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Local teens help build wheelchair ramp for neighbor
Wheelchair ramp
Local teens Phillip and Selah Hunt, along with their friend Isaiah and their bus driver, recently spent their Saturday building a wheelchair ramp for their 14-year-old wheelchair-bound neighbor. (photo courtesy of Jim Hunt)

Last weekend, three local teenagers joined their bus driver to help build a wheelchair ramp for their 14-year-old neighbor.

According to Dawsonville native Jim Hunt, his son Phillip and daughter Selah are always looking for ways to help in the community they live in. So when a local bus driver, who asked not be named, reached out to the teens about helping him build a wheelchair ramp for their neighbor, Gabriella Kinney, they jumped at the chance to help. 

Wheelchair ramp 2
Photo courtesy of Jim Hunt.

John Weisgerber, grandfather of the wheelchair-bound 14-year-old, said that a ramp was something his family had been needing for a long time. When he took his granddaughter to therapy one day, he was presented with a surprising offer. 

"One of the parents that brings her child there said something to Gabbie’s therapist about how her husband is a bus driver and happened to notice me having to carry Gabbie into the house every time we pick her up," Weisgerber said. "So he asked if we would like for him to come build a handicap ramp for her, and we said yes."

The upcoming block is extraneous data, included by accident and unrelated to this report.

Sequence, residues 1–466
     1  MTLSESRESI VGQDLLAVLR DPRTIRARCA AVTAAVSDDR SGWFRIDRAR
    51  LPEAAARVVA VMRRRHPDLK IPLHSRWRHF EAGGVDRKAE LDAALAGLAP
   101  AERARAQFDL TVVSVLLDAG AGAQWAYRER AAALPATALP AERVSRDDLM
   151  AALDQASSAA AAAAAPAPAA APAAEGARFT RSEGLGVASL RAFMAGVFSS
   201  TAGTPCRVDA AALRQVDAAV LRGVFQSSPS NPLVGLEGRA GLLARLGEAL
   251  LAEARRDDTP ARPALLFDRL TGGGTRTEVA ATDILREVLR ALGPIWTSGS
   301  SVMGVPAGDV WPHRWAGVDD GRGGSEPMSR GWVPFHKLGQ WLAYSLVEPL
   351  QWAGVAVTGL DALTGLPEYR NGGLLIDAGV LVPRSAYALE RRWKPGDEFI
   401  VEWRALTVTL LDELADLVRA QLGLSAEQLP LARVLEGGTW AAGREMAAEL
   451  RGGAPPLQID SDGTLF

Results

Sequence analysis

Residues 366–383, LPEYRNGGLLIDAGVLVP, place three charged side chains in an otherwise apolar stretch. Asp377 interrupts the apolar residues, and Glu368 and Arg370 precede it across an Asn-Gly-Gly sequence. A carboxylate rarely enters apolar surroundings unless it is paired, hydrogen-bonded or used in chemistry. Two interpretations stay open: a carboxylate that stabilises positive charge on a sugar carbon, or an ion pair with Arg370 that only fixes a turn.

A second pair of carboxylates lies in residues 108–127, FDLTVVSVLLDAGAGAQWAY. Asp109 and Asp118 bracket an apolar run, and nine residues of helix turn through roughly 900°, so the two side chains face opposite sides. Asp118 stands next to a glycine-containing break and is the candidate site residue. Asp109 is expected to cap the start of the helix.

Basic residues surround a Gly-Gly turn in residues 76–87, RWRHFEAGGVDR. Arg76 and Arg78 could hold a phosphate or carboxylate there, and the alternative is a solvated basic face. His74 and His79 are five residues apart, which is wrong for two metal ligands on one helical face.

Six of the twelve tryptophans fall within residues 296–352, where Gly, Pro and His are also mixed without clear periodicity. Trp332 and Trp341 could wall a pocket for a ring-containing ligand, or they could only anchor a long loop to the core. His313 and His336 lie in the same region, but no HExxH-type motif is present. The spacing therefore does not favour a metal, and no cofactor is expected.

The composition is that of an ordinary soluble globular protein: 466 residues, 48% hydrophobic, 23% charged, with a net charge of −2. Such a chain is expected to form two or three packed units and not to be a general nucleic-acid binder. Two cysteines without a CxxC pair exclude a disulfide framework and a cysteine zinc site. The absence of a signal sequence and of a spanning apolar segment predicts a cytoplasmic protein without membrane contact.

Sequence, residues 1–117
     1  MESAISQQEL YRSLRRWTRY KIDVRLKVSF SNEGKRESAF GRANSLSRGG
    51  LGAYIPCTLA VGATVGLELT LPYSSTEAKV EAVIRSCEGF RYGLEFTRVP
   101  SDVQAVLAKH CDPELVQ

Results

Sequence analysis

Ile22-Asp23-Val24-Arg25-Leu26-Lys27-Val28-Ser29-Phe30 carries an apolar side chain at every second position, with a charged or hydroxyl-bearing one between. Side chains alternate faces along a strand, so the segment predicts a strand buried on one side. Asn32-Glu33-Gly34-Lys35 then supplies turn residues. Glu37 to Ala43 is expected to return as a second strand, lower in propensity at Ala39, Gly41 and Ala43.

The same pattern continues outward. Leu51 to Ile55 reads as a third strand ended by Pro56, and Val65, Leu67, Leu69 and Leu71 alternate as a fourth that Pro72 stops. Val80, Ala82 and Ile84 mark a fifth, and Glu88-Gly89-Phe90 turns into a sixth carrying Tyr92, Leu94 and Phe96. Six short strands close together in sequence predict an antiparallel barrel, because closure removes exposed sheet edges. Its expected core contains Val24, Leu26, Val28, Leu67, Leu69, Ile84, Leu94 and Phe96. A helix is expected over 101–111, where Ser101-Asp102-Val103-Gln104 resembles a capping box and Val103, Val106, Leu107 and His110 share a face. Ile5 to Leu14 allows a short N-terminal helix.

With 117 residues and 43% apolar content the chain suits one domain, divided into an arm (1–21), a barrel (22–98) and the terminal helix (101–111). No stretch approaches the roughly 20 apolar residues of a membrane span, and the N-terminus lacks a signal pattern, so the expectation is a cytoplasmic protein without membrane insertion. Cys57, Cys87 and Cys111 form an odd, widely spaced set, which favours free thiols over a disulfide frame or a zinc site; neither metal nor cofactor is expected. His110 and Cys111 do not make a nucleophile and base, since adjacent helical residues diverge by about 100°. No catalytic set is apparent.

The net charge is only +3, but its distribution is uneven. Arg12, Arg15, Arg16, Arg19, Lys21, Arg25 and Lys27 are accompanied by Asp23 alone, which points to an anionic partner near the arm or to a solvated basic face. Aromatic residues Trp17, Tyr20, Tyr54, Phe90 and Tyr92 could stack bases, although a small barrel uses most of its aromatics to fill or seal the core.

He recruited the help of three teens that lived in the same neighborhood as Gabbie, and the small group met up on the morning of Saturday Aug. 28 to complete the project. Weisgerber said that it took about four hours, and that his granddaughter was excited to sit and watch the ramp go up. 

"She came out and sat out in the garage and watched everything that went on," Weisgerber said. 

Hunt said that not only did his teens sacrifice their time to help build the ramp, but they also sacrificed being able to sleep in on their Saturday off of school. 

“They had an away game, both in the Dawson County band, and did not get home until close to midnight, Friday night,” Hunt said. “For teenagers, they claim they need all the sleep they can get, even if it is sleeping up to 12 hours a day.” 

But instead of sleeping in the next day, they got up bright and early and showed up at their neighbor’s house at 7:30 on Saturday morning to work on the project. 

Hunt said that, as a father, seeing his children spend their time and efforts to help out a neighbor in need is a very proud moment. 

“I am very proud of them; they are both very good kids,” Hunt said. “They have very busy schedules, but yet they sacrificed their so-called sleep time to go and love on the folks in our community.”

Weisgerber said that the kindness and generosity of the team to take time out of their busy schedules to build the ramp means a great deal to him and his family. 

"[Gabbie] has been using it, and everybody she runs into she tells them about the ramp she has in her garage," Weisgerber said. "It was a blessing that they did this, and I’m very proud and happy for what they did."